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Lycia Tour: Day 2


After 10 hours of sleep and a big breakfast, we felt rested and ready to explore. We boarded our bus at 8 AM, and began the day. We past small villages, and numerous farms and a series of greenhouses with ripe tomatoes ready to fall of the vine. We stopped briefly above Kalkan to take in the view and catch a glimpse of this popular vacation town. This town was transformed after the majority of its population left and returned to Greece following the formal population exchange between Greece and Turkey in 1925. The relocated population moved to Greece and founded a town with a similar name, ‘Kalamaki’. It is a popular stop for yachts and sail boats, and due to its location, it is also a good base for those interested in exploring the ancient cities of Patoon, Xantos and Letoon. It also had one of the most beautiful beaches I have ever seen: Kaputas Beach. With steep stairs hanging off the cliff, you are led to a small cove covered in smooth, white stones to catch a glimpse of the turquoise and blue water.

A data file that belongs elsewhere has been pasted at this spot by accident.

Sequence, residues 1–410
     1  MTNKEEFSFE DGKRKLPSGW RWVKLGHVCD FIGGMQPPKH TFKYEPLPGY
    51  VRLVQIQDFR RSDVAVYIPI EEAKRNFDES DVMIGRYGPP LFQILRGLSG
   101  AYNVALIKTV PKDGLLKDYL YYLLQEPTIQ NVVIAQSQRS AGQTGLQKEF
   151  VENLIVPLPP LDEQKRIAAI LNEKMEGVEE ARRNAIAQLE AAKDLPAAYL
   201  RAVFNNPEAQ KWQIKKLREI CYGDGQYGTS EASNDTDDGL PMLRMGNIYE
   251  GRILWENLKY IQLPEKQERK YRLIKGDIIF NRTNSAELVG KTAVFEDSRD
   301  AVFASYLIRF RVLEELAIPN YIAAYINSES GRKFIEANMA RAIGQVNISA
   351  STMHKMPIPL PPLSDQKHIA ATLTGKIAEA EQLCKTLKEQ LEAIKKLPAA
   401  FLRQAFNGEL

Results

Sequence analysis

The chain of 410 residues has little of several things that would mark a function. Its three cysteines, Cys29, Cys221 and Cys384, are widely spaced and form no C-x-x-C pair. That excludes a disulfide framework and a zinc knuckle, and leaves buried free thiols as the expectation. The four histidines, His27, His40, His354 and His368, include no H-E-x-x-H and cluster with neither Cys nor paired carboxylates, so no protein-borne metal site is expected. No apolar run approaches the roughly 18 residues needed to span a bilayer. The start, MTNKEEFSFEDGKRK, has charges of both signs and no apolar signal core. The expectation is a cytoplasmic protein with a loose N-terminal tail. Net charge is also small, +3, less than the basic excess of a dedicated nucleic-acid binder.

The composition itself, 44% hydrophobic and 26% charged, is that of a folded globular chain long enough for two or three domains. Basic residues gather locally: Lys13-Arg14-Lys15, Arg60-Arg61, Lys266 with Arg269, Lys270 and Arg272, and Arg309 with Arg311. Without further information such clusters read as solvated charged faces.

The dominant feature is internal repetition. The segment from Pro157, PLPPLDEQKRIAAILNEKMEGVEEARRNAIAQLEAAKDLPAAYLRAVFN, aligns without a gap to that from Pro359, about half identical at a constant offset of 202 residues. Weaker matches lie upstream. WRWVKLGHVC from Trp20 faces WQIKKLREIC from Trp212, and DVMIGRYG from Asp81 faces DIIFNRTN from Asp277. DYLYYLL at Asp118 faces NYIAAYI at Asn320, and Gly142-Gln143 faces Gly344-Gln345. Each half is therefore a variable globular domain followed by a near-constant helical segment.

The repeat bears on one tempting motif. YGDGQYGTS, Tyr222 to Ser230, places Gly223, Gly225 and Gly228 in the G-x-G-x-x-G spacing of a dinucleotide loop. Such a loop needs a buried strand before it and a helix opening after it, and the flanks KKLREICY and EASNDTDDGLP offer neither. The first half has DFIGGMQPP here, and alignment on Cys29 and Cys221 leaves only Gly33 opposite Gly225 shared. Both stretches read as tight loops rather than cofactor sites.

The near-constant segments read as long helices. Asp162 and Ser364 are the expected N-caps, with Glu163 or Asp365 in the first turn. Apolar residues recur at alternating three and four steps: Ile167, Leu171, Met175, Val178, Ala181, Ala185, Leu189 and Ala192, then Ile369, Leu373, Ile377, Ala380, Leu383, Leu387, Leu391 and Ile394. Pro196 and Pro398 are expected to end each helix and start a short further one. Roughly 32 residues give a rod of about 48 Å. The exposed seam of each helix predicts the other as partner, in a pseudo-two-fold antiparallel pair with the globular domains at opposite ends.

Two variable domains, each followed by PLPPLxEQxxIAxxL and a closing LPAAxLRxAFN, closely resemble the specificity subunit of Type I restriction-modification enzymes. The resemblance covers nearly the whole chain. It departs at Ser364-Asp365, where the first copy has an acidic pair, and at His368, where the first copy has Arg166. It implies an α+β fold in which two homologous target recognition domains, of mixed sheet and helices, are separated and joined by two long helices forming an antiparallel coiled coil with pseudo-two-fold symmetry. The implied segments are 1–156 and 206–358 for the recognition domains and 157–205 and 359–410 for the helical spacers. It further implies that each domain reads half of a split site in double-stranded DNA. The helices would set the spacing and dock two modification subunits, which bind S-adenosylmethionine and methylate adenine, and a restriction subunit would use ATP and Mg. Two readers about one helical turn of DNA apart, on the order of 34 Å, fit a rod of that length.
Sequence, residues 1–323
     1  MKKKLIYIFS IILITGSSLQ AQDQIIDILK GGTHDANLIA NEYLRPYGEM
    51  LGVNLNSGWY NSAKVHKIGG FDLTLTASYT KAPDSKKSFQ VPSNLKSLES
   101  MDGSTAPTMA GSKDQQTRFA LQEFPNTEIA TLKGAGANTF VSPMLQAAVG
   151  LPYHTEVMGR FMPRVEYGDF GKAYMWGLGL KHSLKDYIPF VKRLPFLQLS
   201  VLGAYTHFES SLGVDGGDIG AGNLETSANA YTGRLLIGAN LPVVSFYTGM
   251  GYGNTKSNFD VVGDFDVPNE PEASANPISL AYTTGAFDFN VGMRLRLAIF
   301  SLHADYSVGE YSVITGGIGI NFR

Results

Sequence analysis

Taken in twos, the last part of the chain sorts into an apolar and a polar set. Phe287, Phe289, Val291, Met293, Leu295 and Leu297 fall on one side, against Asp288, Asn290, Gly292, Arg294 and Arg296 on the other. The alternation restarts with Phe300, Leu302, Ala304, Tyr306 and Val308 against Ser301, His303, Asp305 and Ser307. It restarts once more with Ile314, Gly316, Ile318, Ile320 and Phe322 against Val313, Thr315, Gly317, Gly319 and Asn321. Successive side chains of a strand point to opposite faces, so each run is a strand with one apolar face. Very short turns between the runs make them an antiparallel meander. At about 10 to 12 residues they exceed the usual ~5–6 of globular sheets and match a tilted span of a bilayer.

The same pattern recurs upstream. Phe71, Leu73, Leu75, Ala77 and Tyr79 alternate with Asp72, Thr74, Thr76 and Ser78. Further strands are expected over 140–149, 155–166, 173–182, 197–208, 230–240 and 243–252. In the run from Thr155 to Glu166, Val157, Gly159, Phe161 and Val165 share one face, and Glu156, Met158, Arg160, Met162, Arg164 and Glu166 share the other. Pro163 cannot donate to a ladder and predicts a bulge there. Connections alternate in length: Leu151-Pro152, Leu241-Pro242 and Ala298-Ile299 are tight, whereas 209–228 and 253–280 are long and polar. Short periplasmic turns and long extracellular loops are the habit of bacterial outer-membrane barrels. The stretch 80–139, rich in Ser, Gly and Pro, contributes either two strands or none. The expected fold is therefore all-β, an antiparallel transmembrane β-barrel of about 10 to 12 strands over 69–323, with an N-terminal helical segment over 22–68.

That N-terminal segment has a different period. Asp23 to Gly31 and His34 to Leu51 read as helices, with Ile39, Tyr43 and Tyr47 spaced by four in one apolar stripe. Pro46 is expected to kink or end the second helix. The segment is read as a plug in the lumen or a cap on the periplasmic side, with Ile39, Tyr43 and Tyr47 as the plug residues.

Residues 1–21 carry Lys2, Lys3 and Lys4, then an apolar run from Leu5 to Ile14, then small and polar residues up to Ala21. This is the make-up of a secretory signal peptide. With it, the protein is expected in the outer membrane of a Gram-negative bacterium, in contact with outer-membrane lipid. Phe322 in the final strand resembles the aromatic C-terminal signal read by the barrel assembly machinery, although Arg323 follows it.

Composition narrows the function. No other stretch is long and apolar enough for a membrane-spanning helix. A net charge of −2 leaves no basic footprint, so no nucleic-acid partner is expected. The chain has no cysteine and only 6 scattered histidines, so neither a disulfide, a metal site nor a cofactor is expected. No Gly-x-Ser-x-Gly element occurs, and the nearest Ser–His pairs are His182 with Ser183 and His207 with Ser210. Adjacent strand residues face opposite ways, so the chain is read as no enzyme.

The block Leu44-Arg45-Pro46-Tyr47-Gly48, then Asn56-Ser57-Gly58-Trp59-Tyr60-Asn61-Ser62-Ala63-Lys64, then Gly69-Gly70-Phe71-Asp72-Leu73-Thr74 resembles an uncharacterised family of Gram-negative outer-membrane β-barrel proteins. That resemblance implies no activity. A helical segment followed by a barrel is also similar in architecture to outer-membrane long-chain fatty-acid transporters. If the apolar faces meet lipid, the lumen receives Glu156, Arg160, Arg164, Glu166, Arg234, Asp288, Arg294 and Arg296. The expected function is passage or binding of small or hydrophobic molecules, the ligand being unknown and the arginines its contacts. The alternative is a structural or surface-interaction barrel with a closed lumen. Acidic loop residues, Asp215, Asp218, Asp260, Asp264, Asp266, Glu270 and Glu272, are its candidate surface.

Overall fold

After this brief stop, we continued our trip to Kekova, where we boarded a boat to tour the surrounding islands. There are Lycian tombs scattered on the hillsides. We looked at the popular vacation town of Kalekoy, which is situated on the ancient city of Simena. At the top of the hill, beyond the village is a castle which was built in the Middle Ages. In the same area is a theater, a Roman wall, and the ruins of the public baths. After passing Kalekoy, we travelled close to the shore of Kekova Island, which is protected island which is 4 miles long and contains the historical ruins of a Lycian city. Below the water, you can see the foundations of old shops, the ruins of sunken houses and various stairways the descend into the water. The ruins of an old Byzantine church can also be spotted from the water.